Engineering, People, and Society

Theme: Engineering, People, and Society

How many fast passes should an amusement park distribute? How can a newspaper vendor balance fixed costs against uncertain demand? Why do you wait “forever” for a bus, only to see two or three arrive at the same time? If you’ve ever thought about these kinds of problems, you’ll like it here. This theme combines two disciplines focused on the operation of complex systems. Students learn statistically rooted frameworks to model and solve systems-level engineering problems. It is about making people and processes safer, more efficient and more effective. Operational researchers use their analytical and creative skills to develop better systems and operational procedures. There’s work in this field across a wide range of industries, including manufacturing, communications, transportation, entertainment, finance, military, healthcare and pharmaceuticals.

Innovation, Leadership, Entrepreneurship, and Society Microcourses

E200: Ethics, Engineering and Society

How can we identify and analyze ethical issues in engineering? How do leave room for rapid and disruptive innovation while responsibly considering the impact of technology on society and identifying the new ethical challenges that arise? This course provides an introduction to how theories, concepts, and methods from the humanities and social science can be applied to ethical problems in engineering.

E202A: Introduction to Design Methodology

This micro-course provides an introduction to design methods used in the development of innovative and realistic customer-driven engineered products, services, and systems. Design methods and tools are introduced and the student’s design ability is developed via a series of short design process modules: design research, analysis and synthesis, concept generation and creativity. Students will be expected to use tools and methods of professional practice to consider the social, economic and environmental implications of their products, services, or systems. There is an emphasis on hands-on innovative thinking and professional practice. Students have the choice to work individually or in teams to explore the course themes.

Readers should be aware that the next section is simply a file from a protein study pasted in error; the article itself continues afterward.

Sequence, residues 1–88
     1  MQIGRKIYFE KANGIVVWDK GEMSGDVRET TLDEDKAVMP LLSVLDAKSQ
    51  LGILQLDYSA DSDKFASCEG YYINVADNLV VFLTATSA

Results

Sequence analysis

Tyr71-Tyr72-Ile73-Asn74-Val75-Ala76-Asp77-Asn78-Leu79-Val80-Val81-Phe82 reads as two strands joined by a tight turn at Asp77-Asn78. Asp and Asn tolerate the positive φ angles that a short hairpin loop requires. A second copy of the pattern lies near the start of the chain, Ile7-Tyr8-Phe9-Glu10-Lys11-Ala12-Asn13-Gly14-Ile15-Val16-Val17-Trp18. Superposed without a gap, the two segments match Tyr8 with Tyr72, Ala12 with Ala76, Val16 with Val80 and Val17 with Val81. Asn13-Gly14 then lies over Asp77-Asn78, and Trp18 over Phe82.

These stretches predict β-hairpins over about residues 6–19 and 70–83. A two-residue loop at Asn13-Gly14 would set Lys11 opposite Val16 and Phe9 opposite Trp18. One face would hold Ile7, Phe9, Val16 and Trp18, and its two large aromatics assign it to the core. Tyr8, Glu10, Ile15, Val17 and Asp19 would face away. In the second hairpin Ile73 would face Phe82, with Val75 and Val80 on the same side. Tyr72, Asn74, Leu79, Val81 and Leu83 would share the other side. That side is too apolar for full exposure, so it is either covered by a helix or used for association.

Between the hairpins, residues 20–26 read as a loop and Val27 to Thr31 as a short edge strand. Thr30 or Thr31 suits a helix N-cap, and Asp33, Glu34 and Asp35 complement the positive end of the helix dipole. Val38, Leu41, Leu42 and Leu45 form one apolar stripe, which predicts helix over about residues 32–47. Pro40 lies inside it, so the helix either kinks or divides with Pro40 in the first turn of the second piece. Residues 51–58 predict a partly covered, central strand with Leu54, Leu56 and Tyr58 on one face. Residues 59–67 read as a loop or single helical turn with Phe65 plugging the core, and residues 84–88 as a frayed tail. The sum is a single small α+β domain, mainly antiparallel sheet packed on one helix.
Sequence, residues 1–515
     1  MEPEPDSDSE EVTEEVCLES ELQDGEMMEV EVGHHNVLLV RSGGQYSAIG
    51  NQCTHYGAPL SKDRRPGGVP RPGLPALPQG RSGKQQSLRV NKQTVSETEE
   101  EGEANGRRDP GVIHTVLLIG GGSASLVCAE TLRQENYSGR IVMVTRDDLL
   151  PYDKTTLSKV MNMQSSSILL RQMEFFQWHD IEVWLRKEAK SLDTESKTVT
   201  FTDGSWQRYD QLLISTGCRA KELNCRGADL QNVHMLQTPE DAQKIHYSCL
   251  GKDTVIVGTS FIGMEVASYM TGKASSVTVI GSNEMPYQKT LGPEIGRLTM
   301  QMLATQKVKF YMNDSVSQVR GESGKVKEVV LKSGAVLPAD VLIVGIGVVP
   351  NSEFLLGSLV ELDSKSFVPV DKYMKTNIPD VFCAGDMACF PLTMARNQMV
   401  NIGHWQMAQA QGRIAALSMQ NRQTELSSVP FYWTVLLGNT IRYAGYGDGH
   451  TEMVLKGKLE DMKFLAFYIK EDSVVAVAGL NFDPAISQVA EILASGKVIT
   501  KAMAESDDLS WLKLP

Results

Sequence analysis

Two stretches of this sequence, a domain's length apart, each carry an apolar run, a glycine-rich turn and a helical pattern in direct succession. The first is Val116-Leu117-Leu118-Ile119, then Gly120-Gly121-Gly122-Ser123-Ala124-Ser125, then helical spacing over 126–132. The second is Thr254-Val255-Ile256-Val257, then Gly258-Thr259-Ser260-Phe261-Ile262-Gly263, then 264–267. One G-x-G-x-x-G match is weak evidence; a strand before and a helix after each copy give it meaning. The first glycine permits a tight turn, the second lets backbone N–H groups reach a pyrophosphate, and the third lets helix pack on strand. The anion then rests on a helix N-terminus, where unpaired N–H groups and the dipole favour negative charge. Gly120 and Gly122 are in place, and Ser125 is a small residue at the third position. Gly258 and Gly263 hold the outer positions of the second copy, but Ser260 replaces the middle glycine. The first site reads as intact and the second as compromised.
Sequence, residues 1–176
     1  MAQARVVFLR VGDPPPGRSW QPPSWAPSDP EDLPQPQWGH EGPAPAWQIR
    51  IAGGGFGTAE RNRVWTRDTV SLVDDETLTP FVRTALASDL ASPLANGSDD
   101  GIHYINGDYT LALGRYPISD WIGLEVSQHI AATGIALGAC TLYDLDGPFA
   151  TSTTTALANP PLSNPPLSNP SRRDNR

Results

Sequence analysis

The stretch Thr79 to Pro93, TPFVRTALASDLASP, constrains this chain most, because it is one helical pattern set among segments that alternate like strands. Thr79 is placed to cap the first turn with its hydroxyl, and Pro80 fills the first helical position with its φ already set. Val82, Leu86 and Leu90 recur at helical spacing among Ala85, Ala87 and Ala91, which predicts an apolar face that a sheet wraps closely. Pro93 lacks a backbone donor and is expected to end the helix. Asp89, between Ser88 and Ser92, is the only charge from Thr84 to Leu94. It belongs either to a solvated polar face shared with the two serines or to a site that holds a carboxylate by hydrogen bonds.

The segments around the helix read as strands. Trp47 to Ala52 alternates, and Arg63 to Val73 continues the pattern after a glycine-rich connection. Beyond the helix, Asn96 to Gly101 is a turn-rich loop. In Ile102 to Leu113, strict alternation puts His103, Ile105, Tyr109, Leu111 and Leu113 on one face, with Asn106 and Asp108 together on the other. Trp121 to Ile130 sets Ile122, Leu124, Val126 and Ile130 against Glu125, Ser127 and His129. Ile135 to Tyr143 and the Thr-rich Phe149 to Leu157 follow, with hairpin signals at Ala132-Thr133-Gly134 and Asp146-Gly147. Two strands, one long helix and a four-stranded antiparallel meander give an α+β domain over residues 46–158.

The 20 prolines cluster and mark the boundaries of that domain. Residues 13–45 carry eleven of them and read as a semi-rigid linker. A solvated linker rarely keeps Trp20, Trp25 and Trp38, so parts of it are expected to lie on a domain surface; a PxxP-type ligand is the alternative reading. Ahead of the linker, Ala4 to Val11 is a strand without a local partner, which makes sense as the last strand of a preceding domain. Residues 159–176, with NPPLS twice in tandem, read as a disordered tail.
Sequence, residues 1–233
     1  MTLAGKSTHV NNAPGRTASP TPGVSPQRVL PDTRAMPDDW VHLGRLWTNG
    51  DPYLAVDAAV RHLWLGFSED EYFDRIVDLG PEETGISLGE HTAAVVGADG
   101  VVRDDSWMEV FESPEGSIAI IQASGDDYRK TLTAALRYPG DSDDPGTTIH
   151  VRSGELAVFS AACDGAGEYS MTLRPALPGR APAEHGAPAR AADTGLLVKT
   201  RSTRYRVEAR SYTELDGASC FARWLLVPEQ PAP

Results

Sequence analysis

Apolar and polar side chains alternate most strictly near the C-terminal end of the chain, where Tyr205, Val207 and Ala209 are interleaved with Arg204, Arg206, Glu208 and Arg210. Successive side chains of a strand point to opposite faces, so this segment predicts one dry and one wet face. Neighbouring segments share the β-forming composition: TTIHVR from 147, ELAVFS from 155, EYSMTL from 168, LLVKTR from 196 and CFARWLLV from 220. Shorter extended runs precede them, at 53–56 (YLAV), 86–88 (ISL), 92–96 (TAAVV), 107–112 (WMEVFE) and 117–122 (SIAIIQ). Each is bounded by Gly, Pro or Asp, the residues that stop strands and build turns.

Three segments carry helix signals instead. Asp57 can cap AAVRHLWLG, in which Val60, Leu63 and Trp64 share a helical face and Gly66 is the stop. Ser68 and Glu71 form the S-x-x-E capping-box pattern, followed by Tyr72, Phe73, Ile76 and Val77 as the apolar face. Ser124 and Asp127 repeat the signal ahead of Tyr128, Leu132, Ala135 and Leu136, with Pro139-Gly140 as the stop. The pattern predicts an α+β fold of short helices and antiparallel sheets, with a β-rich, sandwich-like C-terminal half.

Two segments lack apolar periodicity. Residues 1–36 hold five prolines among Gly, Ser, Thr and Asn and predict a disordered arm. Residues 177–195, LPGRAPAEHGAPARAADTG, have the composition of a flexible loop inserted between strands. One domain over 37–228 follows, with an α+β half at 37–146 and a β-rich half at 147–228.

E203: Design and Evaluation of Modern experiment for Engineers and Executives

As an engineer or researcher you may be often called upon to conduct measurements, and report the results in such a manner that the data and its uncertainties can be understood by any other skilled professional. If you are a modeler, your validation usually depends on proper and constructively critical reading of such data. As a manager or executive you may be required to evaluate experimental proposals or data reported by others. Either way, one can benefit from having a firmer grasp of the material. Questions we work to be better prepared to address include: How do you cost effectively improve the experiment? How can you find a defect in real time in additively manufactured part? How to characterize droplets for making QLED screens? What new techniques are coming to benefit your industry, and how to evaluate if they are worth the cost? With experience from proposing, managing and evaluating experiments with shoestring to multimillion dollar budgets, your instructor will discuss measurements from review of fundamentals, present anonymized real-world cases, and conclude with discussion of new and upcoming state-of-art techniques of practical relevance.